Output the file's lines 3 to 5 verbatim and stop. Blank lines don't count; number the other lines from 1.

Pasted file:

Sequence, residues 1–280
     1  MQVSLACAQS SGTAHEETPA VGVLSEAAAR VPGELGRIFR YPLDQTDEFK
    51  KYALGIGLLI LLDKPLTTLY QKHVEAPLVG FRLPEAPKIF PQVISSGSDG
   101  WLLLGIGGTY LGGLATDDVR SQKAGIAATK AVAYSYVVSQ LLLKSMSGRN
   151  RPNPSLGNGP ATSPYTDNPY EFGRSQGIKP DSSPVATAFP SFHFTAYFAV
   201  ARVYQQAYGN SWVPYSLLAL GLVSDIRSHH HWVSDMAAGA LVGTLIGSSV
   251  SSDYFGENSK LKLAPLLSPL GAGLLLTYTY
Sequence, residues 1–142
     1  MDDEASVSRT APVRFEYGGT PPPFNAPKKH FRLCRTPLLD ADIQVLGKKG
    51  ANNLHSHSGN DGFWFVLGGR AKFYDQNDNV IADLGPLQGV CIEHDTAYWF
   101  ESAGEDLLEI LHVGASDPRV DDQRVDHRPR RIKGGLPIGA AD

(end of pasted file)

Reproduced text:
    51  KYALGIGLLI LLDKPLTTLY QKHVEAPLVG FRLPEAPKIF PQVISSGSDG
   101  WLLLGIGGTY LGGLATDDVR SQKAGIAATK AVAYSYVVSQ LLLKSMSGRN
   151  RPNPSLGNGP ATSPYTDNPY EFGRSQGIKP DSSPVATAFP SFHFTAYFAV